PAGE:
DOUBLE IMAGE by David Morrell

DOUBLE IMAGE

KIRKUS REVIEW

Morrell (Extreme Denial, 1996, etc.) slams two wildly unrelated stories together to produce this misshapen, empty, though greased-lightning thriller. Story #1. Prizewinning photographer Mitch Coltrane, back home from Bosnia, is being threatened and stalked by somebody who calls himself “the judge”’somebody who’s obviously Dragan Ilkovic, the Serb commander whose heinous war crimes Mitch managed to document, at hair-raising peril, just before he left. Mitch wants to put the ugliness of his life’s work behind him by shooting an updated series of photos of the opulent Hollywood homes immortalized in the work of legendary photographer Randolph Packard back in the 1930s. But Packard dies shortly after bringing Coltrane on board, and Ilkovic—not just a war criminal, but a sadistic torturer and an electronics freak—keeps getting closer, killing Coltrane’s neighbor and friend, an LAPD cop on the case, and Coltrane’s grandparents in Connecticut, in a race toward a showdown—halfway through the novel—that suddenly clears the ground for Story #2. This one is a tender (though equally corpse-strewn) tale of romantic intrigue that starts when Coltrane, who’s purchased an old home Packard photographed and bought for himself, becomes besotted with a trove of photos of Rebecca Chance, a stunning Hollywood hopeful from the ’40s, then (following the trail to another of Packard’s houses) meets Natasha Adler, who looks eerily like the reincarnation of Rebecca Chance. Coltrane’s loyal friend, editor, and sometime lover Jennifer Lane warns him that Tash is trouble, but does the big lug listen? Desperate to forget Ilkovic’s carnage, as well as all those ugly war photos, he keeps missing the chasm that even half-wit readers, who—ve had the benefit of 200 pages to think it over, will see yawning beneath his feet. The first story is midgrade, unsurprising stalker stuff; the second, which ends with Coltrane becoming a stalker himself, is risible. Think Vertigo rewritten for Steven Seagal. (Book-of-the-Month Club alternate selection)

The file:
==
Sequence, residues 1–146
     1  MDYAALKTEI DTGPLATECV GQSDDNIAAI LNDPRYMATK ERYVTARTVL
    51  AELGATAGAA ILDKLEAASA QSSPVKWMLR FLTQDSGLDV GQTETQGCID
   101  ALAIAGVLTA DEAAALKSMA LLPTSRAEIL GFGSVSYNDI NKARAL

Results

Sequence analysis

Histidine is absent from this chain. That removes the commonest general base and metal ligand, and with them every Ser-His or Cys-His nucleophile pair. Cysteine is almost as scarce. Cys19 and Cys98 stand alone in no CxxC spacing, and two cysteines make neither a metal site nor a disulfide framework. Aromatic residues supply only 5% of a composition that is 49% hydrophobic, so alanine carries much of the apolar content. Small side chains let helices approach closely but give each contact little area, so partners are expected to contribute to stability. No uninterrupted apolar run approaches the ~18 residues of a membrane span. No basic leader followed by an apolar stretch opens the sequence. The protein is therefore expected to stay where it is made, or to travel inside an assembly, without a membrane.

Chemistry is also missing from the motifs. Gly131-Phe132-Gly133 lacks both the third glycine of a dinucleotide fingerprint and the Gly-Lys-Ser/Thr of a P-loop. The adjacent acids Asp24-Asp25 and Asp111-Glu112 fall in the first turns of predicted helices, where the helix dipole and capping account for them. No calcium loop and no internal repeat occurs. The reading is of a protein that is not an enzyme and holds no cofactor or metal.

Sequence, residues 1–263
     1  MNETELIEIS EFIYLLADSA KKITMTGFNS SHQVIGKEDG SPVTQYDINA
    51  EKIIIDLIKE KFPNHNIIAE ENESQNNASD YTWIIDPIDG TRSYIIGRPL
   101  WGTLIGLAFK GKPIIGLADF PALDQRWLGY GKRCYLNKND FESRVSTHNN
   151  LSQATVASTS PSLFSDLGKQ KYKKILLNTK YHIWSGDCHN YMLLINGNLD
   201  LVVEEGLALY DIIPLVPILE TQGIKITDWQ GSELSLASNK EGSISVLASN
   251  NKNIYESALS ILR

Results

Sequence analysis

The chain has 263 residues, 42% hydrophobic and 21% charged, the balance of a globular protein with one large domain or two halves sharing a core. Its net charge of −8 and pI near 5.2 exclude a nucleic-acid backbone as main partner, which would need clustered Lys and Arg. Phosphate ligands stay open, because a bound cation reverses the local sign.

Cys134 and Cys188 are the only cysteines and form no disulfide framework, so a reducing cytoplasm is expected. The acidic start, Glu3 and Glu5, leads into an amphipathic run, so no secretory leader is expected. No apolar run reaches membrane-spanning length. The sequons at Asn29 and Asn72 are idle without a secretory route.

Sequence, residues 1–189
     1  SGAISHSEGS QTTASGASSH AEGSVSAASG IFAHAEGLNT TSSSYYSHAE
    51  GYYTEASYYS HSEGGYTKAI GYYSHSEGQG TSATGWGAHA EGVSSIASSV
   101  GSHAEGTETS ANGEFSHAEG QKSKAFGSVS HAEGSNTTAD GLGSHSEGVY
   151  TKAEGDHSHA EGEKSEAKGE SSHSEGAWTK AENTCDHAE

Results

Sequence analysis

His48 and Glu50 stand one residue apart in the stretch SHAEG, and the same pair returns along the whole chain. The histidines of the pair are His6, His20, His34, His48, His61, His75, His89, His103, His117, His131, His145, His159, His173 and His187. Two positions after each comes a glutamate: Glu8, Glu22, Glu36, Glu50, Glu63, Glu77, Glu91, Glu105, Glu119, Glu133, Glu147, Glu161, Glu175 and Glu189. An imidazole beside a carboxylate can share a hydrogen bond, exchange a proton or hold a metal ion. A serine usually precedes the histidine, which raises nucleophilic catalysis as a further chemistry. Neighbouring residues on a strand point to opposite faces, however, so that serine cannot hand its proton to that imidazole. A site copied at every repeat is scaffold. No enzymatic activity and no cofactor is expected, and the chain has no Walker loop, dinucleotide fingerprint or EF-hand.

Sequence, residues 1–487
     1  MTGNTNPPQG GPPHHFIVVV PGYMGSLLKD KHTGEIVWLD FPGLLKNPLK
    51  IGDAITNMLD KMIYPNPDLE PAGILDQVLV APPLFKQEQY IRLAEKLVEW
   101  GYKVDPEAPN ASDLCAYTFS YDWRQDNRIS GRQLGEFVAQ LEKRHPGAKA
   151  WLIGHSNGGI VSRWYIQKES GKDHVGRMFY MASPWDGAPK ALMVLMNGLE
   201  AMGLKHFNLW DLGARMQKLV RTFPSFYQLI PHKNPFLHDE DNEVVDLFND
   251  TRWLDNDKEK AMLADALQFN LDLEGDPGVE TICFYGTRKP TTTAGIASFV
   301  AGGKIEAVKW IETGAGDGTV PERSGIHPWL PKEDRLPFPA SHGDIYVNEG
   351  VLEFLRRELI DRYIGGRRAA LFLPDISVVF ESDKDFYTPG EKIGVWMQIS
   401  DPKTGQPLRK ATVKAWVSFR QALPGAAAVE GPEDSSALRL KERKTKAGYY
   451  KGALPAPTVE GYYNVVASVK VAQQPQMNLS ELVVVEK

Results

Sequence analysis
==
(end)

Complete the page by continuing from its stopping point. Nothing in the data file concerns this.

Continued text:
Pub Date: May 12th, 1998
ISBN: 0-446-51963-4
Page count: 448pp
Review Posted Online:
Kirkus Reviews Issue: March 1st, 1998




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